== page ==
Self-employed platform workers can enjoy the right to bargain collectively.
All workers, including platform workers, have access to adequate social security benefits, through the extension and adaptation of policy and legal frameworks where necessary.
Platform workers can access the courts of the jurisdiction in which they are located if they so choose.
#ILO; #CEACRReport; #seafarer, #workingconditions, #ILOconventions, #inequality, #ILOrecommendations, #internationallabourstandards, #vulnerablegroups, #COVID-19
ILO/Canadian-Media: The Committee of Experts on the Application of Conventions and Recommendations (CEACR) is one of the key elements of the ILO’s supervisory system for International Labour Standards. It is an independent body composed of 20 high-level legal experts, charged with examining the application of ILO Conventions and Recommendations by ILO Member States. It has just published its annual report. ILO News discussed the main findings with Corinne Vargha, Director of the International Labour Standards Department.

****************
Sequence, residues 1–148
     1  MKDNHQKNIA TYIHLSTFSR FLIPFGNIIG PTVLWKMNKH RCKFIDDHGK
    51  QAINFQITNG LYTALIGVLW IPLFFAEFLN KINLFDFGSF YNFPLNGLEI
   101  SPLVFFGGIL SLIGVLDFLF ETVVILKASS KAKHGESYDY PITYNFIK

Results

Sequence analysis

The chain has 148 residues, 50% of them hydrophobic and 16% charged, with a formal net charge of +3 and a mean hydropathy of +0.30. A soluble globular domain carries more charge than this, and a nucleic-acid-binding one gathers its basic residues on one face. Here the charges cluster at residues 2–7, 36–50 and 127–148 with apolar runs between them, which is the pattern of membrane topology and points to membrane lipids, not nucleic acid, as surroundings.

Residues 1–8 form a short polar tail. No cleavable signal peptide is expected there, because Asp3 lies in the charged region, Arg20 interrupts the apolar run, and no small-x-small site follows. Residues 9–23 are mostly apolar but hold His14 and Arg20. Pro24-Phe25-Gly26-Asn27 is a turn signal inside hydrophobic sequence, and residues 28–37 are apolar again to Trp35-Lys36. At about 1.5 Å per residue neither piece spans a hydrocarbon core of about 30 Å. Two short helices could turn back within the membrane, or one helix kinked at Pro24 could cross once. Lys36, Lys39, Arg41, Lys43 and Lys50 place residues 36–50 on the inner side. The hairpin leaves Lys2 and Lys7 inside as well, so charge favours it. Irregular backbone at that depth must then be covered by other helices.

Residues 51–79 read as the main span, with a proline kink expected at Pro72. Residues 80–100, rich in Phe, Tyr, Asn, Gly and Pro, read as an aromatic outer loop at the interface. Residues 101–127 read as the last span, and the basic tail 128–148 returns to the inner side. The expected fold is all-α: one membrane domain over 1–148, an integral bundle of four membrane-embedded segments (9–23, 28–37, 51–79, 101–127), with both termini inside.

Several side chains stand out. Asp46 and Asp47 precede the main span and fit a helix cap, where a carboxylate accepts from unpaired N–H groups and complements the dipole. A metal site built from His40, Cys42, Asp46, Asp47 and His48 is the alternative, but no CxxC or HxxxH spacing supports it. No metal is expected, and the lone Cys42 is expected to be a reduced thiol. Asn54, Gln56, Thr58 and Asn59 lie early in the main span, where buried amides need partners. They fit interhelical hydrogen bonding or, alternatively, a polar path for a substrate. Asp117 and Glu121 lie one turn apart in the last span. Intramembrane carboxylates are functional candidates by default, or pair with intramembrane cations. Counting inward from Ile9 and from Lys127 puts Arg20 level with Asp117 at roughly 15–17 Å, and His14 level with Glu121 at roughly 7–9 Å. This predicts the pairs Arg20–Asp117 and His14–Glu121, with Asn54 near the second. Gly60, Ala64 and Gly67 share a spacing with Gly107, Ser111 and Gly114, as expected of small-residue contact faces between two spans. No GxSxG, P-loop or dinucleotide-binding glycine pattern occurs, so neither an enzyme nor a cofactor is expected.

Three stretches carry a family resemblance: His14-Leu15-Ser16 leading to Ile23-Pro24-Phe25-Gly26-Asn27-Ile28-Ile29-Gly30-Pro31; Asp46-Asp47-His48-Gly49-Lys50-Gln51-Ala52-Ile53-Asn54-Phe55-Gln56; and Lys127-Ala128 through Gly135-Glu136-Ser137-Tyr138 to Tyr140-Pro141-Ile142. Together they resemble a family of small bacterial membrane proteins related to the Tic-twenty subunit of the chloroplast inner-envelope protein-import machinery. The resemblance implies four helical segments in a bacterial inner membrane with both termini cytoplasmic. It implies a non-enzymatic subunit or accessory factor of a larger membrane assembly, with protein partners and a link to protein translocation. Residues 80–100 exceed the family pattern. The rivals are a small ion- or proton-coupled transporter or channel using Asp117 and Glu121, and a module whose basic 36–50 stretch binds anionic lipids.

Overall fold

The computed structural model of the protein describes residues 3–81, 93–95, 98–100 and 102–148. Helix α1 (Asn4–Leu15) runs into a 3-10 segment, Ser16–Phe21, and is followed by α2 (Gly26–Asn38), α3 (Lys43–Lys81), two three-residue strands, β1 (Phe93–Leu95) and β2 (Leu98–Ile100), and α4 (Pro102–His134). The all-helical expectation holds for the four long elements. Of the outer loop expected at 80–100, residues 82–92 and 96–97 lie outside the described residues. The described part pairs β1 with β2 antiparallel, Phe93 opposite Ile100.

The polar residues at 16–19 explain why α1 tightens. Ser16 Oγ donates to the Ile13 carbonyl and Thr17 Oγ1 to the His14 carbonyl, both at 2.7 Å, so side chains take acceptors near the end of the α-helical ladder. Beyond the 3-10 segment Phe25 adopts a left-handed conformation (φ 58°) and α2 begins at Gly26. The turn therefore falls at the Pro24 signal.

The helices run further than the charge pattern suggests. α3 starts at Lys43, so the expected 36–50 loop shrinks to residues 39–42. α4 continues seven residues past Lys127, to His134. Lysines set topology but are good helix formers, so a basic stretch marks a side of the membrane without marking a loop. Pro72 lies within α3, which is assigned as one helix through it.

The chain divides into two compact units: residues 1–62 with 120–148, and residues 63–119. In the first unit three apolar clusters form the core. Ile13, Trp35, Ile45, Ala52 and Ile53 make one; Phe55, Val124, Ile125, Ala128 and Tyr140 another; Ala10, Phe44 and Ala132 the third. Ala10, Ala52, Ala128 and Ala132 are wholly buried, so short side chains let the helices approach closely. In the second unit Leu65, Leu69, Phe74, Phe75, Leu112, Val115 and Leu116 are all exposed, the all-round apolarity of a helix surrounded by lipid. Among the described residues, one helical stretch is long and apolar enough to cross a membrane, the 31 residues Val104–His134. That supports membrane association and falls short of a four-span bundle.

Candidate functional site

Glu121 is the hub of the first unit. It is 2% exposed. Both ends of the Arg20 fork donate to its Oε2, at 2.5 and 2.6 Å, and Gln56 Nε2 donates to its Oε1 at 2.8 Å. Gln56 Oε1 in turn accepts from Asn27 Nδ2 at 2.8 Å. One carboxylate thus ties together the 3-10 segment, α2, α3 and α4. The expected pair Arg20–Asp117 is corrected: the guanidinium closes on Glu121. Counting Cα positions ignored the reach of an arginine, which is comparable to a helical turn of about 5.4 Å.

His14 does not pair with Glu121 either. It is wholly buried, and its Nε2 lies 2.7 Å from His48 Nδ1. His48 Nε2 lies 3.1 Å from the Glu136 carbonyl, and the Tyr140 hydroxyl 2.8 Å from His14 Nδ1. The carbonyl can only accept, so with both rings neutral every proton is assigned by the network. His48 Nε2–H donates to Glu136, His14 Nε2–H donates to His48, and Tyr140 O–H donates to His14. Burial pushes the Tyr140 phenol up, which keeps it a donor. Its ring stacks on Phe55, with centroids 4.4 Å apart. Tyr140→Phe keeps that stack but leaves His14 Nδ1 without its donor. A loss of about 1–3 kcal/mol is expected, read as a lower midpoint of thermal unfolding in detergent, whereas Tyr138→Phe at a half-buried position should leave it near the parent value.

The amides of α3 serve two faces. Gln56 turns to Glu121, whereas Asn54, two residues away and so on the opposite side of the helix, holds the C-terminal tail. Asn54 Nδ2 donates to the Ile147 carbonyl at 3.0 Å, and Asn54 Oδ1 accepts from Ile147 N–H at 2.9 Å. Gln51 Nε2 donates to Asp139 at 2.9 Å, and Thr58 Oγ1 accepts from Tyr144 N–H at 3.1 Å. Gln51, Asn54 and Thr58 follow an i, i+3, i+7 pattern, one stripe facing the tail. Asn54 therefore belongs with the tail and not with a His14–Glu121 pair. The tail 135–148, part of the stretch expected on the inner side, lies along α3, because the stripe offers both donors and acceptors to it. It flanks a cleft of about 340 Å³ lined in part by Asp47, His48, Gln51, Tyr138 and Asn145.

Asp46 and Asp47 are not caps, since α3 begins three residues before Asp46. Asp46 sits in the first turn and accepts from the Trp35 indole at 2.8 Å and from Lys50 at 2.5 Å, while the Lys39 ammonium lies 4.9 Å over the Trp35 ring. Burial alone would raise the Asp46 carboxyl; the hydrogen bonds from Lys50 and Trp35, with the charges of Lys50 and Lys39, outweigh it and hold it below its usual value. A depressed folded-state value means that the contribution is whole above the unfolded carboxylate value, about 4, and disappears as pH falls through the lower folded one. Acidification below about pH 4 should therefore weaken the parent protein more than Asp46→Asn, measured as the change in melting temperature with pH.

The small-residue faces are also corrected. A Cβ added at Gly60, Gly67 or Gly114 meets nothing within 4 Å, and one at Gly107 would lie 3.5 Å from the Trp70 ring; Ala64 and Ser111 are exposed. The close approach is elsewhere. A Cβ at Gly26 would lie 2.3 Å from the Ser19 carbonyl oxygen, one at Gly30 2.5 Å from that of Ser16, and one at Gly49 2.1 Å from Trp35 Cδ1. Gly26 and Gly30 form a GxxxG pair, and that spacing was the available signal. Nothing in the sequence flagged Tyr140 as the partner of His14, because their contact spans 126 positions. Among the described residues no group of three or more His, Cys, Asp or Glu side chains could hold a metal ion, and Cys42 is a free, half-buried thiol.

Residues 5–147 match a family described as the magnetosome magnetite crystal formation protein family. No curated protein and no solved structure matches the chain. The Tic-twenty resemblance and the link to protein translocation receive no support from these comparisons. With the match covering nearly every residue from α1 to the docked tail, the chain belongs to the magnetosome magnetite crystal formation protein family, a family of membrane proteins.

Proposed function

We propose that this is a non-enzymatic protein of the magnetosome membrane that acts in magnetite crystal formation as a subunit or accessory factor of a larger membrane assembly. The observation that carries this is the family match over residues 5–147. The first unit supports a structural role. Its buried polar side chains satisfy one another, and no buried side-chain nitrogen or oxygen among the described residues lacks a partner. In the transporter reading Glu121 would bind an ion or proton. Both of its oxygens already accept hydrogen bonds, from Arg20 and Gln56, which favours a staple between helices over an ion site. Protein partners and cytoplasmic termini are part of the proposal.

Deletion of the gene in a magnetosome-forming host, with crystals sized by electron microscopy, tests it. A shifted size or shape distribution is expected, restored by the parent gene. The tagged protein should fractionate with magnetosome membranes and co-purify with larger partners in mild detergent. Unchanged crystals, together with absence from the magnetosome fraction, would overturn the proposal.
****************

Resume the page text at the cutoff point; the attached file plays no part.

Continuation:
ILO. Image credit: Twitter handle
1. ILO News: What were the key findings and recommendations of the report?
The key message is that the COVID-19 crisis did not suspend obligations under ratified international labour standards (ILS) and the concrete commitments made by ILO Member States to protect the dignity and freedom of people at work remained during the current pandemic, and will strengthen the resilience of societies in building back better. Any derogations should be exercised within clearly defined limits of legality, necessity, proportionality and non-discrimination.
The CEACR also identified some specific challenges resulting from the pandemic:
During its 2020 session the CEACR formulated some 1,700 comments related to compliance with ILS. These consistently urged ILO Member States to prevent a downward spiral in labour conditions and pursue a virtuous cycle of recovery and development, consistent with lawful measures to protect the health of the public. ILS, coupled with effective and authoritative supervision can be a fundamental part of the solution to this crisis, while recovery measures that weaken labour law protection would further undermine social cohesion and stability and erode public confidence that policy-makers understand their needs.